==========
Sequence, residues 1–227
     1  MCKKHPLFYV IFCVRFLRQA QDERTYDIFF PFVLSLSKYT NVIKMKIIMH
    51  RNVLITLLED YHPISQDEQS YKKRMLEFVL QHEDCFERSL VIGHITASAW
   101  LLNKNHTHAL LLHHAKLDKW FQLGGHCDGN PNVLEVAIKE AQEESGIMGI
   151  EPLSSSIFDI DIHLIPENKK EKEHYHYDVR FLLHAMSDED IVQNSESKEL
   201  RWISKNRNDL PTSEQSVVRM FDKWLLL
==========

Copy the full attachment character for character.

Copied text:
Sequence, residues 1–227
     1  MCKKHPLFYV IFCVRFLRQA QDERTYDIFF PFVLSLSKYT NVIKMKIIMH
    51  RNVLITLLED YHPISQDEQS YKKRMLEFVL QHEDCFERSL VIGHITASAW
   101  LLNKNHTHAL LLHHAKLDKW FQLGGHCDGN PNVLEVAIKE AQEESGIMGI
   151  EPLSSSIFDI DIHLIPENKK EKEHYHYDVR FLLHAMSDED IVQNSESKEL
   201  RWISKNRNDL PTSEQSVVRM FDKWLLL